Kites

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Kites

Will viewpoint shift with my spine’s slow
compression, or will this

window admit only true images
in the shortened days to come?

I pencil phrases on bone-shaped kites
and release them to the afternoon.

Call them prayers, name them moans.
Each string is a regret freed, a separate

skeleton, let go. My two selves shudder
in the attempt. I await the perfect breeze.

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“Kites” first appeared here in July 2016.

Late Night (after Li Po)

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The moon smiles upon my bed.
I consider frost and ice,
and raising my head, the bright sky.
Lying back, I think of home.

 

Once again, I’ve attempted to shiver myself into a timeless piece. I can only hope that my version does not offend.

 

The transliteration from Chinese-Poetry.com follows:

Bed before bright moon shine
Think be ground on frost
Raise head view bright moon
Lower head think home

 

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This originally appeared here in March 2014.

Resurrection (Cento)

rocks and fog


Resurrection (Cento) 

Everything we love
returns to the ground.

Each syllable is the work of sabotage,
a breeze seeping from the heart of the rocks.

They are my last words
or what I intend my last words to be.

I think just how my shape will rise,
a miracle, anywhere light moves.

*****

A cento is composed of lines borrowed from other poets. “Resurrection” first appeared here in January 2016, and owes its existence to the poetry of Tishani Doshi, Paul Auster, Antonella Anedda, Sean Hill, Emily Dickinson, and Ruth Ellen Kocher. I urge you to seek out their work. It astounds!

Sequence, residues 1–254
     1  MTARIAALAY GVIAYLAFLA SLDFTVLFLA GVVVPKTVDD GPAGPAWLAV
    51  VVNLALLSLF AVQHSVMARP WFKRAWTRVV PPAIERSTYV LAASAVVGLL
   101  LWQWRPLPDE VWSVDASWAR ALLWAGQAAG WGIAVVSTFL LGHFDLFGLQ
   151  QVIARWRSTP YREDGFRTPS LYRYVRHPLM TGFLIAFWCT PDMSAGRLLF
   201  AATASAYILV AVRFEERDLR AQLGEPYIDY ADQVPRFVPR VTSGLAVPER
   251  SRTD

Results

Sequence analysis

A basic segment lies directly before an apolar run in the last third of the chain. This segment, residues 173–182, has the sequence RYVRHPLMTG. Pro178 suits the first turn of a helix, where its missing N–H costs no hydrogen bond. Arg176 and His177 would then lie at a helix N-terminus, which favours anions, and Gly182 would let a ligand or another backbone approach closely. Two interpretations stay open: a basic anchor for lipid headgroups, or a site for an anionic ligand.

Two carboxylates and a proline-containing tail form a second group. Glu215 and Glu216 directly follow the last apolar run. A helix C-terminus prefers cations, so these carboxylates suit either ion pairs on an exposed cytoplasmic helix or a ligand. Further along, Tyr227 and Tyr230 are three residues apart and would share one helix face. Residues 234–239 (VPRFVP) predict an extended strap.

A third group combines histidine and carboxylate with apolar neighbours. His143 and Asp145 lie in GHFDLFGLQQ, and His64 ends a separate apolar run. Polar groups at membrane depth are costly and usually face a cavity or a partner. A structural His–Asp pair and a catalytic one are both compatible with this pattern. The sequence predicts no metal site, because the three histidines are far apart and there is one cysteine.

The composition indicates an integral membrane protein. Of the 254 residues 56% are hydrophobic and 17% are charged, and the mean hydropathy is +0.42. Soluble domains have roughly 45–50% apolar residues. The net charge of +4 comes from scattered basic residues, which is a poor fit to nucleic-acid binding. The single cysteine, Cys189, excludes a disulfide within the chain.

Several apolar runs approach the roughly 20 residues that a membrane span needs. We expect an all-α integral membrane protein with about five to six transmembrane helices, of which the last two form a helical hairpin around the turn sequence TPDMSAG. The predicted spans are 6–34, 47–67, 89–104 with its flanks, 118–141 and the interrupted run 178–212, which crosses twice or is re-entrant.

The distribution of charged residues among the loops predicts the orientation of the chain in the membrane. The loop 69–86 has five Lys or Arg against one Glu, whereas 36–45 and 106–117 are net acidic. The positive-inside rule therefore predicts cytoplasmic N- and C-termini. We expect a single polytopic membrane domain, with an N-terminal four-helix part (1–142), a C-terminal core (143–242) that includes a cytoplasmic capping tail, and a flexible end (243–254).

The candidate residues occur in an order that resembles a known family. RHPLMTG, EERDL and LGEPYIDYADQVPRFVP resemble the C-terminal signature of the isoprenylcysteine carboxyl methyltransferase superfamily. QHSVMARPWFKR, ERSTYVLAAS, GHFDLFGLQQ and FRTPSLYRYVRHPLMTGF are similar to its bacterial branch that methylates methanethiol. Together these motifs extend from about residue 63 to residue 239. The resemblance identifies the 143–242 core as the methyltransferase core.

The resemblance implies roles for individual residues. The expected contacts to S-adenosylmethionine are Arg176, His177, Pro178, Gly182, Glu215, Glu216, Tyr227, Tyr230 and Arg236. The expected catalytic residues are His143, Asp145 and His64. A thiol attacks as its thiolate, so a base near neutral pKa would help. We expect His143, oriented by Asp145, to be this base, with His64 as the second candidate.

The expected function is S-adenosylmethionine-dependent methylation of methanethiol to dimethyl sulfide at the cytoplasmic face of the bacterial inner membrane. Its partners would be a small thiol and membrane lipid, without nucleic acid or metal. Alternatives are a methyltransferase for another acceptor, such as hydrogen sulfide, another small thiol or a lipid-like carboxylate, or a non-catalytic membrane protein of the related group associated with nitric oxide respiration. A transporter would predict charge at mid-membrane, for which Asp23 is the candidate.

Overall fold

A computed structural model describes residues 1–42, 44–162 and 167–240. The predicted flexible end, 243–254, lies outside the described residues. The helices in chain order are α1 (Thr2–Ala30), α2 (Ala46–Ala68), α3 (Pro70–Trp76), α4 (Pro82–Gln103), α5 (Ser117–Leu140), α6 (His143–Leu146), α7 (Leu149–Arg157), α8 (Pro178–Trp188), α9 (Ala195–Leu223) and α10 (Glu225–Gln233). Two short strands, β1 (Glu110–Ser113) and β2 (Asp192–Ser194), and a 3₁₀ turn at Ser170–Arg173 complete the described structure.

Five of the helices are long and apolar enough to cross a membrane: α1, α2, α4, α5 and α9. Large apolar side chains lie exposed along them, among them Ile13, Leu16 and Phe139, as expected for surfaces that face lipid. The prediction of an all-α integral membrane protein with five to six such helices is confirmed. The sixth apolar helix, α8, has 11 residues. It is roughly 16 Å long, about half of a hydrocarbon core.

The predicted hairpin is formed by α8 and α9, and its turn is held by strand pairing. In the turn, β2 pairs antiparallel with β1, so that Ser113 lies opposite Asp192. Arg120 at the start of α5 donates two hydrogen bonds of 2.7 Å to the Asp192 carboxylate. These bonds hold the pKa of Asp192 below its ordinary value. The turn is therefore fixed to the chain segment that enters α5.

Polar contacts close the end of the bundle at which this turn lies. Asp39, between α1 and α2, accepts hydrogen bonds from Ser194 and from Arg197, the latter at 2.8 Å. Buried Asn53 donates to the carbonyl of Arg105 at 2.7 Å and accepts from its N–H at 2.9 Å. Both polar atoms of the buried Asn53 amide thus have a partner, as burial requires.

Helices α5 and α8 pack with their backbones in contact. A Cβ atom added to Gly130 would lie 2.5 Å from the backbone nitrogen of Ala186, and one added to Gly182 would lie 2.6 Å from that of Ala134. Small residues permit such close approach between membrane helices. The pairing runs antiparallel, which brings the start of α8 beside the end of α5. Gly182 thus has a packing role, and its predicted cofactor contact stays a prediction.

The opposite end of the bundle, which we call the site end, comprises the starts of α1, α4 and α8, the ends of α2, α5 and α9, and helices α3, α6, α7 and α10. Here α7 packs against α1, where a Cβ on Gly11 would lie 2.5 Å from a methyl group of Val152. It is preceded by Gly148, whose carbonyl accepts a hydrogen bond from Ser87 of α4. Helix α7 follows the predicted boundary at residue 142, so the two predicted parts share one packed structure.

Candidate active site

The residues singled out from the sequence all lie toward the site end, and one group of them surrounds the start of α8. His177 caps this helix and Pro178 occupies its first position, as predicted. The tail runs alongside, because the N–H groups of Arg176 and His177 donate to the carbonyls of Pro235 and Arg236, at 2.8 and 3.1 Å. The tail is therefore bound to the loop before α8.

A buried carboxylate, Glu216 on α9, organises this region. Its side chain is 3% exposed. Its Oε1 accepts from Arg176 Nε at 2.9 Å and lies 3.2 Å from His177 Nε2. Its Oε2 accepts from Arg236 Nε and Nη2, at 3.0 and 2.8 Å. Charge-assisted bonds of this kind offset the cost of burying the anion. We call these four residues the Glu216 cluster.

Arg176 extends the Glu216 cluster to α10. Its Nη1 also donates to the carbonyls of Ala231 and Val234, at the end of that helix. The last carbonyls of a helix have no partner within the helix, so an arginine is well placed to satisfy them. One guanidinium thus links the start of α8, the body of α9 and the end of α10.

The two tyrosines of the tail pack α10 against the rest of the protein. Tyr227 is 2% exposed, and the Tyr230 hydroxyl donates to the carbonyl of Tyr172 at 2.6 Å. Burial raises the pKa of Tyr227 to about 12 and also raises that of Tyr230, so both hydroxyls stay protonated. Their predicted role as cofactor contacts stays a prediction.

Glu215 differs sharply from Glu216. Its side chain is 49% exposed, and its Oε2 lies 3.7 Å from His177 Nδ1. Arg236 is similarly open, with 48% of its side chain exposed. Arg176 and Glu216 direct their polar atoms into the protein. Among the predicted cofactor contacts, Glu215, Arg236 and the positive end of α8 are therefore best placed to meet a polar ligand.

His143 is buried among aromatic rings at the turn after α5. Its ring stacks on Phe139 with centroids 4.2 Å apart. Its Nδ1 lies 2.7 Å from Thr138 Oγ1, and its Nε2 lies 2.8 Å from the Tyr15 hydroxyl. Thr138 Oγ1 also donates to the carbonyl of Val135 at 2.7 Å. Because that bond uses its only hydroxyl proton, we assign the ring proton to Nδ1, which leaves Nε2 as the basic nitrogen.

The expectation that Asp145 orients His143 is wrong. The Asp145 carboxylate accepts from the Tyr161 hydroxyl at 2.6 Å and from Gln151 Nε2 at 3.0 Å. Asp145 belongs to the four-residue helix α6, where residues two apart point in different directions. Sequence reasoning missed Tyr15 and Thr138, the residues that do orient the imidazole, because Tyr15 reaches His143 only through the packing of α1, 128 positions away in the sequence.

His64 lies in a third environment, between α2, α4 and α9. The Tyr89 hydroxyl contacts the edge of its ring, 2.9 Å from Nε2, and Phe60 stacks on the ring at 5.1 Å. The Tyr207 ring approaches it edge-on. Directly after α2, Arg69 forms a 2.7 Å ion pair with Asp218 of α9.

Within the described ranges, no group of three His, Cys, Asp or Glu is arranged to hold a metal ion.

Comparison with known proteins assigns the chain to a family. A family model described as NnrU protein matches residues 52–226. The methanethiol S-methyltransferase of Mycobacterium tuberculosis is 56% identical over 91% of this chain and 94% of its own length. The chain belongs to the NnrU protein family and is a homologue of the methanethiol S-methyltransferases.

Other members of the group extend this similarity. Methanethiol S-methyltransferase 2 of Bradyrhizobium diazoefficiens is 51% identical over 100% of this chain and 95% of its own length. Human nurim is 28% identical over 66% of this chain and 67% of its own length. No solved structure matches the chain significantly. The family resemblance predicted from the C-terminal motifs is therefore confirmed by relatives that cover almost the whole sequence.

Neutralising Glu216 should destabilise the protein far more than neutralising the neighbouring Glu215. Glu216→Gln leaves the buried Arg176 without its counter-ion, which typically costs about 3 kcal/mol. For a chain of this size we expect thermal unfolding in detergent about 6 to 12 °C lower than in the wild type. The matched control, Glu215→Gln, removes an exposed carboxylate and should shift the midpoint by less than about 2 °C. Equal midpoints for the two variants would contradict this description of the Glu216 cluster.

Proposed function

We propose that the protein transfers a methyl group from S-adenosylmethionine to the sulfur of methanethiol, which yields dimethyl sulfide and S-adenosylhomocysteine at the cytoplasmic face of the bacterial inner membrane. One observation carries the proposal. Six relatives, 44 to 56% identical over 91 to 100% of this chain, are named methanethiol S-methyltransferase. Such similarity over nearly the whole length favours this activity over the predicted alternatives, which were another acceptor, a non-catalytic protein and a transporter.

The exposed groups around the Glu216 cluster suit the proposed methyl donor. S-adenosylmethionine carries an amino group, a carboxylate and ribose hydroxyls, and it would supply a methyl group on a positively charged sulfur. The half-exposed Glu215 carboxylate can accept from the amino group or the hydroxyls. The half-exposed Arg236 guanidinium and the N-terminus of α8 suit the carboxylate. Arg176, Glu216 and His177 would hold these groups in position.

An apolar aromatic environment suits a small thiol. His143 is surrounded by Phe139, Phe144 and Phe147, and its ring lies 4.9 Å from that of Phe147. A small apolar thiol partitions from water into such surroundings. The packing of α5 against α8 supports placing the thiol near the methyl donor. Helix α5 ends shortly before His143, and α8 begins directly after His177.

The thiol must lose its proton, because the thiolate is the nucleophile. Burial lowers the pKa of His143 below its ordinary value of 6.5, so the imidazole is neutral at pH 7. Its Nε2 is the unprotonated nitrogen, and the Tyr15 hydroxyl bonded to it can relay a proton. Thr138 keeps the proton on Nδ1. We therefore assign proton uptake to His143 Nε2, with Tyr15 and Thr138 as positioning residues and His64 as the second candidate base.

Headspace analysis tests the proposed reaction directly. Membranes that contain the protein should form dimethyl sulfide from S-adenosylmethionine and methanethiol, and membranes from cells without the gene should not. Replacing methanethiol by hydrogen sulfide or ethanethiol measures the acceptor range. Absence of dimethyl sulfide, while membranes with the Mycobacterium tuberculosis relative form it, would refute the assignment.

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From Alternative Fiction & Poetry (1987)

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(This first appeared here in March 2014).

Quite the interesting mag back in the day. This particular issue saw the likes of Bukowski, Ivan Arguelles, Lyn Lifshin, Norm Moser, Sheila E. Murphy, and, well, me, among others. I was thinner back then, as was my poetry.

 

no more than
the slow grace
of light turning

the leaf so
patient in the
air and colder

now that sense
of permanence unfurled
it is not

long to wait
as Wang Wei
said in his

letter I listen
for a sound
but hear none

 

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Numbers numbers numbers: NINE

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Numbers numbers numbers: NINE

Early on in my other life I was hand-picked and hired to assist with budgets, to work with numbers. One of the higher-ups remarked that my spelling score was quite good for a “numbers person.” This amused me to no end, as I’d no inkling that a) anyone in the world considered me fluent with numbers, or b) that the mundane labor that comprised my livelihood had been noticed, much less evaluated, by someone beyond my small, three-person office (certainly no one noticed the writing I’d produced and published). More than a quarter century later, I’m still amused. And still working with numbers, which even now remain mysterious, magical, and even inspiring.

Take the number nine. Multiply it by two, and you get 18. Add the two digits that comprise 18, one and eight, and you get 9. Multiply it by three: 27. Total the two digits forming 27, and you get, yes, 9. Multiply it by four, by five, by six, by seven, eight or nine. Add the digits that comprise the sum and you return to nine. Interesting, no?